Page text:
From tires and trucks to customer goods waiting for distribution, parts and inventory are an important part of buying a trucking business. The amount of assets included when an owner puts a transport business for sale can have tremendous impact on the company’s value as well as post-sale operational costs.
Before the Sale
There are two types of inventory: the kind needed to operate the business internally (i.e. trucks and parts), and the inventory scheduled for transportation on behalf of clients. Both types will ideally be addressed before a sale takes place.
Internal inventory like parts and vehicles has value, and should be included in a trucking company valuation. For the new buyer, having existing vehicles and the tires, fuel, and parts necessary to keep them running can help make sure operations continue unimpeded after ownership changes hands. Reducing lag time between buyer and seller keeps customers happy.
It is also necessary to address how the ownerships transfer will affect customer inventory that may be stored in warehouses. Ideally, the buyer and seller will work together to determine how orders will be filled shortly before and after the sale. For instance, maybe non-perishable items will be packed into vehicles by the previous owner to be distributed by the new owner. If perishable items are stored in a refrigerated warehouse, someone will need to cover the cost of keeping the power on while ownership is being transferred. In many cases, a seller will agree to stay on for a few days or weeks to train the new owner. A smooth transition can help customers come to accept the sale, ensuring the continued success of the company.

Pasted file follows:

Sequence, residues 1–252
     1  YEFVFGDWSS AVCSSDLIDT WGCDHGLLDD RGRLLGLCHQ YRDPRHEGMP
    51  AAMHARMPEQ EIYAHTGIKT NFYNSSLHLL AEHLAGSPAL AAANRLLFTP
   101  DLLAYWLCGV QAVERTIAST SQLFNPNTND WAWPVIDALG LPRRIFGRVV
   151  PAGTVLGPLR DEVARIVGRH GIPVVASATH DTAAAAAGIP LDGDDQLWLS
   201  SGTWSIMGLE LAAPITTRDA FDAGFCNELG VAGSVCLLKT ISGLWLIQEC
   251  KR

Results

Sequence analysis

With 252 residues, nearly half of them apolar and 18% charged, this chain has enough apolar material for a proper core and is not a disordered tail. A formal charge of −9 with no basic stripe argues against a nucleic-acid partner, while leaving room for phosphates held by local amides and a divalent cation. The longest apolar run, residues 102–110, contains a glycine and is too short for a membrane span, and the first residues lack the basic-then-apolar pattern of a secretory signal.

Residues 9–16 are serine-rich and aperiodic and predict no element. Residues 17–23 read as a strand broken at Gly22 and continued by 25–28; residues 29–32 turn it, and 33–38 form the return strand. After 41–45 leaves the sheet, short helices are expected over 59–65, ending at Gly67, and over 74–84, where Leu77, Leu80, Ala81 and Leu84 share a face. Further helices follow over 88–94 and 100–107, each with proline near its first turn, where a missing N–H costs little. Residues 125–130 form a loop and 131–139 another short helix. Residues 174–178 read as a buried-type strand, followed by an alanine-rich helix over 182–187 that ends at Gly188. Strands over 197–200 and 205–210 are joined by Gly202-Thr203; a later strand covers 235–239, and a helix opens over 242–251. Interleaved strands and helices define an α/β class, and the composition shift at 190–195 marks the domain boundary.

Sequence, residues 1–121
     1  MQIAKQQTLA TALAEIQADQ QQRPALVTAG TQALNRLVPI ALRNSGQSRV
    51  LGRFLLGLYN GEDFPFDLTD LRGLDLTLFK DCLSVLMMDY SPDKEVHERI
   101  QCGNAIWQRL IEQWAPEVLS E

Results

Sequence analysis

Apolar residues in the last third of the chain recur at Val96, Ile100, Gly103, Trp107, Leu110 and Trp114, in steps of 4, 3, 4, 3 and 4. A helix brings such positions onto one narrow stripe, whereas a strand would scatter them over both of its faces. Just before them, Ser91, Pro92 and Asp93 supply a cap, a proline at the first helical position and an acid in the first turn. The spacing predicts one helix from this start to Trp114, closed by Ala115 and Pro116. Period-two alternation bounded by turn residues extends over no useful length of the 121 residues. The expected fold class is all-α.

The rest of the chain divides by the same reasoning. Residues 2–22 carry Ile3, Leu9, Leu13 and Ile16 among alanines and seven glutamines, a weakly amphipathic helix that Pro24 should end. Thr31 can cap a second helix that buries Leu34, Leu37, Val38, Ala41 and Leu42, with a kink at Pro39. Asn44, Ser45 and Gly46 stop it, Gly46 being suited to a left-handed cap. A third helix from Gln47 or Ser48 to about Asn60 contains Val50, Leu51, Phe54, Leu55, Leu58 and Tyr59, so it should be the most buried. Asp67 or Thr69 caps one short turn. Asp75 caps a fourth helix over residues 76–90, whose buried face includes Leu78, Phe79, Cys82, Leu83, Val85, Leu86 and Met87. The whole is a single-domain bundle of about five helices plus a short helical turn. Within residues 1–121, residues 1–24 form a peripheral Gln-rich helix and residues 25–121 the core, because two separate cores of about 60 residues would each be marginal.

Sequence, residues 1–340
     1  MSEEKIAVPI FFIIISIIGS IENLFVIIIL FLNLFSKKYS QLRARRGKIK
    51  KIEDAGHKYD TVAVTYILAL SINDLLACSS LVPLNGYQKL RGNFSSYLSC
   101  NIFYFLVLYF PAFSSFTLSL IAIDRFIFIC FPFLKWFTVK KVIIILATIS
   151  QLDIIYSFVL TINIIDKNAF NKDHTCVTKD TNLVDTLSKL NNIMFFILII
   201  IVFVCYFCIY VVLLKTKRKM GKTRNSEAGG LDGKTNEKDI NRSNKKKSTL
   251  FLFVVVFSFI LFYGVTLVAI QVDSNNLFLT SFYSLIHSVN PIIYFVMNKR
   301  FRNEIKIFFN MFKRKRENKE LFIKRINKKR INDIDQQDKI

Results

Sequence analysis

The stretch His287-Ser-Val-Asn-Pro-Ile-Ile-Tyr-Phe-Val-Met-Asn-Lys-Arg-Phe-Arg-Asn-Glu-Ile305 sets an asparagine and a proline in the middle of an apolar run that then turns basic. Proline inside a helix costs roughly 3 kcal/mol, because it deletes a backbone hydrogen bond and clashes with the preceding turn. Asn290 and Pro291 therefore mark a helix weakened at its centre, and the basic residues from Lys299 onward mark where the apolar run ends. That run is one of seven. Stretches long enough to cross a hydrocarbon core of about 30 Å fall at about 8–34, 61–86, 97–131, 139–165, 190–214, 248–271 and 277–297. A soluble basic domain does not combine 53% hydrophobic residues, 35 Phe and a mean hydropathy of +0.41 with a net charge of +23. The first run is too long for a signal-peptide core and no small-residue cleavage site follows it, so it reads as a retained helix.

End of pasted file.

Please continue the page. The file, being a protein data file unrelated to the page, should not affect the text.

After the Sale
Many buyers focus on the potential profits of a sale and forget to take into account the immediate costs of keeping a business operational. While a small independent company may be able to store a vehicle and a few parts at home, a larger motor carrier will need to lease or purchase a storage unit or warehouse for inventory. Trucks must insured and maintained, and parts like batteries must be available for quick replacement. Depending on the type of goods being hauled, refrigeration or other types of specialty storage may be necessary.
Whether you are selling or buying a trucking business, a third party specialist such as a truck business broker can assist with the sometimes complex issue of valuing inventory and parts. When you understand the value and costs associated with your trucking company, you will be in a better position to reach a fair deal – no matter which side of the table you’re on.